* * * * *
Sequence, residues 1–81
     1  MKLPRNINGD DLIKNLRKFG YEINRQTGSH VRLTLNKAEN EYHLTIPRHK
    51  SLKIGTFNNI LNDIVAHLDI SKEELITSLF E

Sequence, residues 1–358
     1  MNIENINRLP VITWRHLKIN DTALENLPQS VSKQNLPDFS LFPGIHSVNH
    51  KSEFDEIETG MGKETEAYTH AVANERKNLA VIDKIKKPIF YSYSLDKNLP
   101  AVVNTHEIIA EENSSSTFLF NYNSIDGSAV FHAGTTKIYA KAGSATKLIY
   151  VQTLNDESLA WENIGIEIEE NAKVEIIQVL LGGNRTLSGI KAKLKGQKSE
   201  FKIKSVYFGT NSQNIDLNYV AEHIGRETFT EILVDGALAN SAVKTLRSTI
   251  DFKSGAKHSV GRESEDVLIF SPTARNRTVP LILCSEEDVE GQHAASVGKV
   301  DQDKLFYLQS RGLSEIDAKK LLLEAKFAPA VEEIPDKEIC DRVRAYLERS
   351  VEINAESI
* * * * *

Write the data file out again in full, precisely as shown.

Sequence, residues 1–81
     1  MKLPRNINGD DLIKNLRKFG YEINRQTGSH VRLTLNKAEN EYHLTIPRHK
    51  SLKIGTFNNI LNDIVAHLDI SKEELITSLF E

Sequence, residues 1–358
     1  MNIENINRLP VITWRHLKIN DTALENLPQS VSKQNLPDFS LFPGIHSVNH
    51  KSEFDEIETG MGKETEAYTH AVANERKNLA VIDKIKKPIF YSYSLDKNLP
   101  AVVNTHEIIA EENSSSTFLF NYNSIDGSAV FHAGTTKIYA KAGSATKLIY
   151  VQTLNDESLA WENIGIEIEE NAKVEIIQVL LGGNRTLSGI KAKLKGQKSE
   201  FKIKSVYFGT NSQNIDLNYV AEHIGRETFT EILVDGALAN SAVKTLRSTI
   251  DFKSGAKHSV GRESEDVLIF SPTARNRTVP LILCSEEDVE GQHAASVGKV
   301  DQDKLFYLQS RGLSEIDAKK LLLEAKFAPA VEEIPDKEIC DRVRAYLERS
   351  VEINAESI